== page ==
There is evidence that the H5N1 virus was transmitted directly from poultry to humans (4, 24, 32). No additional cases of human H5N1 infections were reported after all birds in the Hong Kong poultry markets were killed, suggesting that the H5N1 strains may have been eliminated. However, the origin of these pathogenic viruses and the possible continued circulation of their genes in the Hong Kong area remain to be ascertained. Genetic characterization of the gene segments circulating in that region indicated that the H5N1 viruses were generated by reassortment. Guan et al. suggested that H9N2 viruses were the donors of the internal genes, including the three polymerase genes (PB2, PB1, and PA) and the nucleoprotein (NP), matrix (M), and nonstructural (NS) genes (8). Xu et al. (30) proposed that the H5 hemagglutinin was derived from the H5N1 virus A/goose/Guangdong/1/96, based on 99% nucleotide homology between the HA sequences of these H5N1 strains. However, the neuraminidase genes of A/goose/Guangdong/1/96 and H5N1 viruses isolated in 1997 were only 90% homologous, and the N1 protein of the goose virus lacked the 19-amino-acid stalk deletion that is characteristic of the pathogenic H5N1 viruses (30). These results suggest that subtypes other than H9N2 and H5N1 may have contributed genes to the H5N1 viruses.

To explore this possibility, influenza A viruses isolated in Hong Kong during December 1997 and January 1998 from various aquatic bird hosts, including ducks and geese, were characterized serologically and genetically. Our analysis revealed that multiple influenza A virus subtypes were cocirculating in these birds. We determined their evolutionary relationship to representative influenza A viruses and found evidence that gene segments of strains other than H5N1 and H9N2 are closely related to the pathogenic H5N1 virus isolates.


Viruses and serological assays.

The viruses isolated in the Hong Kong region and the abbreviations used in this study are listed in Table Table1.1. The viruses were collected in December 1997 and January 1998 during the H5N1 outbreak. Fecal and cloacal samples from the different bird species were grown in 9- to 11-day-old chicken embryos. Viruses were handled in a biosafety level 3+ facility at St. Jude Children's Research Hospital.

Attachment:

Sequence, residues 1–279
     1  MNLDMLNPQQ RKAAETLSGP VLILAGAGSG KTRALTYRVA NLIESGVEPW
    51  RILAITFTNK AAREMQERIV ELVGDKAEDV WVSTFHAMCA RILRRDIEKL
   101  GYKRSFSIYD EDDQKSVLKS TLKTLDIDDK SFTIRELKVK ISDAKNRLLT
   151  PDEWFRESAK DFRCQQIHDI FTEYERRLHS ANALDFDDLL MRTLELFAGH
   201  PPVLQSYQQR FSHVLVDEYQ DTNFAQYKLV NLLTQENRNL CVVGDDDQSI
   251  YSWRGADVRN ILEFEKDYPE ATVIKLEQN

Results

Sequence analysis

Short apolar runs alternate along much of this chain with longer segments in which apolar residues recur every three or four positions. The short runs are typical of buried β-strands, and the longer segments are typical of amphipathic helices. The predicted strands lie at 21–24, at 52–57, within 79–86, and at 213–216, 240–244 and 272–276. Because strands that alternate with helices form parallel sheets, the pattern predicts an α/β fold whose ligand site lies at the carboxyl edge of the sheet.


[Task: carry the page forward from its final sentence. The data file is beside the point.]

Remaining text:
Influenza A viruses isolated from aquatic birds in Hong Kong and characterized in this study

This study characterized influenza A viruses other than the H5N1 and H9N2 strains (25). All were isolated from aquatic birds. Where possible, cloacal samples were collected from individual birds so that the species could be identified. Fresh fecal samples were collected from “dropping trays” under cages of ducks in the live-poultry markets and from the banks of ponds in the Maipo Marsh Nature Reserve, where free-flying ducks were overwintering.

The samples collected from green-winged teal ducks at a poultry market require special note. These samples were collected on 29 December 1997, the day of depopulation of all poultry in Hong Kong. The birds were in bamboo cages that were still on the delivery truck and had not been moved to the market buildings. The truck contained mallard and green-winged teal ducks. These birds were probably caught wild and raised on a farm until they were transported to the market in Hong Kong. However, we cannot be sure if these ducks may have been raised on a farm. Because 3 of the 14 green-winged teal ducks in one cage were dead, tracheal and cloacal samples from each bird in that cage were collected. One dead duck yielded the virus designated A/teal/Hong Kong/W312/97 (H6N1). Hemagglutination titration and hemagglutination inhibition (HI) assays were performed in microtiter plates (18).